4. Nice prayer request lol. I’d love to hear that from someone at a bigger church pray that from behind the pulpit.


  5. I agree. It’s something I’m having increasing trouble with. All the Christian-ese that we use becomes quite meaningless at times. I like reading The Message Bible as it is in real language. It’s not that I don’t understand the jargon, it’s just that the jargon becomes pious and exclusive. We want to reach out and talk to others, don’t we? (For study, my NIV Study Bible is better.)

    • That’s a good point. There comes a point when we’ve read our Bible so much, that we stop reading them, and just look at pages of words. It’s a good idea to get an alternate translation that you don’t know by heart, one that makes you take a second glance, or look at the text in a new way.

  6. Several weeks ago I was preaching on how Jesus told a man to “stretch out his hand” – his withered, unsightly, and embarrassingly disfigured hand – right in the middle of church and he was healed much to the dismay of the pharisees. That morning I asked if there was anyone who wanted to take that chance to stretch out their unsightly mess and a middle aged lady broke down and revealed her loveless marriage and bitter heart asking for a miracle. Wow…honesty in church…almost unheard of. Good news…a miracle did occur and she is experiencing a revival in her marriage. How refreshing!!!!

    • I appreciate your listening to the Holy Spirit to open the service like that. When we get over our inhibited selves because of fear of man, God is able to do some wonderful things among us.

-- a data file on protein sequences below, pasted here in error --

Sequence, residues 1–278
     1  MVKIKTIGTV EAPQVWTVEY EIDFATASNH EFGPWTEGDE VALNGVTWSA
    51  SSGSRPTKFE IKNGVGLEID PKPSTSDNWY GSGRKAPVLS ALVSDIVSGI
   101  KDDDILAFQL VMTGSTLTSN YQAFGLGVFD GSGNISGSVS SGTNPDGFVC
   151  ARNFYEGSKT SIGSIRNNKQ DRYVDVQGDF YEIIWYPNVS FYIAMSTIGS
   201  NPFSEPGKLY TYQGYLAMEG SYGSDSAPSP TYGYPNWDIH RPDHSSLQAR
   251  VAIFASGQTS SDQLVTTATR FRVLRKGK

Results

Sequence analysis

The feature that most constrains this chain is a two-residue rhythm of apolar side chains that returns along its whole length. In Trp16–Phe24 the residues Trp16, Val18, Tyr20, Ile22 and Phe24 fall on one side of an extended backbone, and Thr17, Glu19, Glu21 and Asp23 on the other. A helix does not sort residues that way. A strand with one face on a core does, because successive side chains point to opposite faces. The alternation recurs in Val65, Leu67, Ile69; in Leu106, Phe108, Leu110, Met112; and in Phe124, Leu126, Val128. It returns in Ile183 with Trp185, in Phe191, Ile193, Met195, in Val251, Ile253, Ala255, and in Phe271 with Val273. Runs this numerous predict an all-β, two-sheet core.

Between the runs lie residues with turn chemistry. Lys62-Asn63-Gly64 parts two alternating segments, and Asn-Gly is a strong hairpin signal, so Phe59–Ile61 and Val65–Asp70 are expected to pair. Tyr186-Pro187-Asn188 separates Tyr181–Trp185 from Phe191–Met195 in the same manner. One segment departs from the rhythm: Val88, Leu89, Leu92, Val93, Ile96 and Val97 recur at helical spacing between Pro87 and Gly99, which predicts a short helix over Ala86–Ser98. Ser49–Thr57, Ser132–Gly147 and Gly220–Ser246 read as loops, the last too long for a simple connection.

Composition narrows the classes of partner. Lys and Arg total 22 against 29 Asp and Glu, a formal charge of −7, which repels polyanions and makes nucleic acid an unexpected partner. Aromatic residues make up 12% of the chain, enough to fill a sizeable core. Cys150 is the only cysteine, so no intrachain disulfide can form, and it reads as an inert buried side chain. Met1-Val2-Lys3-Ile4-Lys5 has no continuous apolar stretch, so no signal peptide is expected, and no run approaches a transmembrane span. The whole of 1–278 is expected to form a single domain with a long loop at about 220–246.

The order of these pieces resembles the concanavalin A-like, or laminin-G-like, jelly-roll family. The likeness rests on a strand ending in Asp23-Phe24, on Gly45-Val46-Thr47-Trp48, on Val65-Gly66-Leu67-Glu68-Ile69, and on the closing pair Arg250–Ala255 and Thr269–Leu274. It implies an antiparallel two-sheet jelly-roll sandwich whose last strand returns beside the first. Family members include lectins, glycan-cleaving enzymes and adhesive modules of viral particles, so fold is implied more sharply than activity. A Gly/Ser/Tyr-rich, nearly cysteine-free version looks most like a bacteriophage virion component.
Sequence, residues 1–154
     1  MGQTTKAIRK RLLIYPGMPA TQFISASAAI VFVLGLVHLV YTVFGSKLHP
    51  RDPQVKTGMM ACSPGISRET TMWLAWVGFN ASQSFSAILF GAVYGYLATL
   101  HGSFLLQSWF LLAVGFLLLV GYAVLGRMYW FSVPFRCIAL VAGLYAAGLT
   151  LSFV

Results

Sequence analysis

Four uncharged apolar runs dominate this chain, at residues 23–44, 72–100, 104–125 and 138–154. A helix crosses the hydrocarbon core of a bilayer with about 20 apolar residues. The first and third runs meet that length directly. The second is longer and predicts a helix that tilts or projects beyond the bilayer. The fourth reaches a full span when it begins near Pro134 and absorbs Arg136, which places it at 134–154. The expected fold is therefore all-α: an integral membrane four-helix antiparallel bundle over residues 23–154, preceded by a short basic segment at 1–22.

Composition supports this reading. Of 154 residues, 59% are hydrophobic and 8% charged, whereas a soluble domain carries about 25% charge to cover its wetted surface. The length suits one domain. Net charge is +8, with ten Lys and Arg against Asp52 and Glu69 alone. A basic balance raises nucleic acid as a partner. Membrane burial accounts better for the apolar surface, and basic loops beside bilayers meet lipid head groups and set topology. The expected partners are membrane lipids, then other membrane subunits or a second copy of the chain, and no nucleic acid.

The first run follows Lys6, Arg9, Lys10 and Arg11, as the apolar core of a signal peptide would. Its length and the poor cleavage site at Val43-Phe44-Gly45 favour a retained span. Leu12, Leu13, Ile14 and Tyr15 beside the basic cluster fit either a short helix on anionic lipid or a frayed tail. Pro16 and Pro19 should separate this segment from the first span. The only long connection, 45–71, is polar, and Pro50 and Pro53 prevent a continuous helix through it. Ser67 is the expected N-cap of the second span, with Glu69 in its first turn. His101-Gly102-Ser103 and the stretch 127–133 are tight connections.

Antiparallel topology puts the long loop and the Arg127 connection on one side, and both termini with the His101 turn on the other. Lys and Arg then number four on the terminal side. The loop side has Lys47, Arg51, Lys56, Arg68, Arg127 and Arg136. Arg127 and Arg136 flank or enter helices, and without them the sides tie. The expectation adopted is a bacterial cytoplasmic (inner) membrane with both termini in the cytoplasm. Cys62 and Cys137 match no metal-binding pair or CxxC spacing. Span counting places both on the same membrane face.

7. The prayer requests that I say in private and don’t air in public tend to run the way of Psalms….as in, smite my enemies Lord, lay a trap for them, dash them on rocks. Then I usually feel contrite, since my prayers where filled with an obvious lack of mercy. Which lead me to the “create in me a clean heart” and my bones are weak with sin kind of prayers.

    I suppose if David got away with it, so can I…..right?

  8. I can relate to that guys honesty in his prayer.

    My family can get rather…annoying ….if you will…sometimes makes you want to pull your hairs out….so it’s no suprise he was feeling like that…

    I think God is waiting for our honesty. He knows our hearts doesn’t he? What ever is coming out of our mouths can’t be worse then what’s in our hearts right?…

    I think if we look at it through that view point. it would be much easier to pray honestly to God…

  9. My private prayers look quite a bit different than my public prayers.

    First, when I pray privately, most often I am praying in the Spirit. It’s also a form of worship for me. Often, I will have such an overwhelming feeling of the magnitude of God that everything else pales in comparison, or I will end up singing in the Spirit – something I would only do in the privacy of a sound-proof room (okay, not quite).

    Second, the Lord knows what I need (or whoever/whatever I am praying for) and I continually thank the Lord for who he is and for his provision that is promised. I pray for eyes to see and ears to hear what he is doing. I pray for strongholds to be broken and an open heaven to allow the blessing and promises to be sent to earth.